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Published March 29th, 2023
Lamorinda girls beach volleyball begins this spring

When beach volleyball began, most likely in 1915 in Hawaii, it took a long time for it to become recognized as a competitive team sport. The first professional beach volleyball tournament was the Olympia World Championship of Beach Volleyball, in 1976, at?Will Rogers State Beach?in Pacific Palisades and it has been an Olympic sport since the 1996 Summer Games.
There are now 90 colleges, at all three Division levels, that have beach volleyball teams, and that number is growing with most of the 54 Division I schools offering scholarship money for their teams.
Later this spring, the Lamorinda schools will be having girls beach volleyball teams that will be starting out as club teams this first year. At this point, the schools looking to have teams are Acalanes, Campolindo, Miramonte, Las Lomas, Northgate and Clayton Valley, though if any of the schools do not have a sufficient number of players, there may be the merging of some of the schools.
"The CIF passed it as an official sport last year when it really caught on in Southern California," said Campolindo Athletic Director Ray Meadows. "We have a number of girls who already play beach volleyball with club teams that expressed interest and a number of parents reached out when they found out that it was a California Interscholastic Federation sport. When we went to the district level, they were in favor of sustaining a program like this that provides more opportunities for the students. It was easy on my end because I just put out an interest survey and we had over 20 girls reply back, letting me know that they wanted to play."
The omnipresent John Vuong jumped at the opportunity to coach the team. "I'd say that about half of the girls on our regular team have expressed an interest in also playing beach volleyball, along with the kids who will be simultaneously playing for their indoor club teams," Vuong said.
The school district has helped with setting up the courts for the schools. "This was a district initiative to add beach volleyball to the schools that wanted it," according to Superintendent John Nickerson. "We've rented the Moraga Commons Park courts and also a facility at Heather Farms for this side of the district."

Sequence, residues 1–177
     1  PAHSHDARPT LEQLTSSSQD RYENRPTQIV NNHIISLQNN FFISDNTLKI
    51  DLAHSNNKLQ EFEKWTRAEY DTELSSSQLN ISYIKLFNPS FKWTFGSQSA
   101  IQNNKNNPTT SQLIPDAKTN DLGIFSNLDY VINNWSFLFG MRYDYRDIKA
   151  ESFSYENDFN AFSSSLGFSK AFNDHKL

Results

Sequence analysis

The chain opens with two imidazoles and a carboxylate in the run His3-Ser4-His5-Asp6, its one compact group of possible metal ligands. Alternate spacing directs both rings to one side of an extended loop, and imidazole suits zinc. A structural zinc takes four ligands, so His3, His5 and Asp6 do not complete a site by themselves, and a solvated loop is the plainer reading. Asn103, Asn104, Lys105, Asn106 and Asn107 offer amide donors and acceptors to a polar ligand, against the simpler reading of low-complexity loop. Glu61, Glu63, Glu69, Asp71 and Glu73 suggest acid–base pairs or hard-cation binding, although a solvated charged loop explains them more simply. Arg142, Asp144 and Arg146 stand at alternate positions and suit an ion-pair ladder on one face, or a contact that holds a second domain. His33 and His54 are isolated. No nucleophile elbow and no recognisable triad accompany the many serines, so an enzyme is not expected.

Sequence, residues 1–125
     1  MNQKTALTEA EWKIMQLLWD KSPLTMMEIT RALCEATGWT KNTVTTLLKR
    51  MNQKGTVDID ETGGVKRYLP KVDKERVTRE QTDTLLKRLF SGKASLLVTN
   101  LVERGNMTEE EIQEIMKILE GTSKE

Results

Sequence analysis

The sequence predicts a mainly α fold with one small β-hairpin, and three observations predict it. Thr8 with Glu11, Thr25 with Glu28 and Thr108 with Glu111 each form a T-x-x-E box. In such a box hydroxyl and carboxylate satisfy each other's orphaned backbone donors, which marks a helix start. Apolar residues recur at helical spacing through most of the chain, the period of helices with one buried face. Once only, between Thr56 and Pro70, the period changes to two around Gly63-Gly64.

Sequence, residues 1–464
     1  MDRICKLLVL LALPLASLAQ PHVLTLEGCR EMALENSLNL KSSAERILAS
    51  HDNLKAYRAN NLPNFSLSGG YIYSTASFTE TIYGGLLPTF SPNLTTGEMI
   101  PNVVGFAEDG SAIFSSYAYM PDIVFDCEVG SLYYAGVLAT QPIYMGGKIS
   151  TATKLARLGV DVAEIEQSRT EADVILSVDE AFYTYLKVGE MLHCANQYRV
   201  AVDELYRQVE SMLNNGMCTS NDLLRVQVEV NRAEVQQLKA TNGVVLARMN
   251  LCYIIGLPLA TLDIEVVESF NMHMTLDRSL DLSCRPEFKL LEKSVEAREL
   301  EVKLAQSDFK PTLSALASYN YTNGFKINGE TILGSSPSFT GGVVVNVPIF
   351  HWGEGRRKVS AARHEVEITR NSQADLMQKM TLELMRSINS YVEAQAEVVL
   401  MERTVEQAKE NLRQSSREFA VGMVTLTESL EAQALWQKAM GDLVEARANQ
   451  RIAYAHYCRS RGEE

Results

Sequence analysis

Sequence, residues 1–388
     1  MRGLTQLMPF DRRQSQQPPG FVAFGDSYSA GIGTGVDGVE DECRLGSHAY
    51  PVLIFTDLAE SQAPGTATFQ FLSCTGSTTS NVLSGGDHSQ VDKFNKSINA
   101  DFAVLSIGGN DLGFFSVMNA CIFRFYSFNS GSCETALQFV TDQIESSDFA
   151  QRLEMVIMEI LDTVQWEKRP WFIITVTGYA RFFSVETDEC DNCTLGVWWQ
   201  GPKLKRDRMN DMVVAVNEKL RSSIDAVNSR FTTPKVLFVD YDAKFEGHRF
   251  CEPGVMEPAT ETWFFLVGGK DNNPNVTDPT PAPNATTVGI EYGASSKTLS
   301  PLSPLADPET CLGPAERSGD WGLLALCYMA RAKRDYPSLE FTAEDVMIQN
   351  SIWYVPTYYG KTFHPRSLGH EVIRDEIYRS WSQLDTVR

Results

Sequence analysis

With only two girls a side competing in a beach volleyball match, the game is essentially the same but very different in terms of technique for the game. "In indoor volleyball you approach with your toe forward but on the sand, you have to put more weight on your heal or you will sink in the sand," Vuong said. "There is more finesse on the sand with less killing the ball and more emphasis on placing the ball. I'm learning on the job and I'm going to depend on the players that are already playing on the tour that will help me."
Conditioning is also more important in beach volleyball, according to Vuong. "The players have to be more fit because every time they run, they are putting more pressure into the sand so we will be doing a lot of weight training, focusing on the arm, legs, cardio work, and explosive training. On the sand you have to see, react, and explode."
There is already the possibility of beach volleyball courts eventually being put in at Campolindo. "We have a parent committee that's met already, and they've contacted the CIF for the names of companies to get a baseline dollar amount because there's a lot that goes into the financials to be able to do it," Meadows said. "We also want to get the district behind getting it in place and helping to maintain it once it gets completed."
The possibility of beach volleyball courts being added to the Acalanes campus is also under discussion. For coach Haley Walsh, the issue was not a shortage of players, it was a shortage of coaches. "We have about 20 girls on our team and I am also going to be coaching the 20 girls on the Los Lomas team," Walsh said. "Though we are practicing together, we're trying to keep each high school separate so that we can start a league. We also have some non-league games for Acalanes against Monte Vista and Redwood High Schools.Acalanes and Los Lomas will be practicing on Mondays and Fridays and playing on Wednesdays with one court for Los Lomas and the other for Acalanes at Heather Farm Park.

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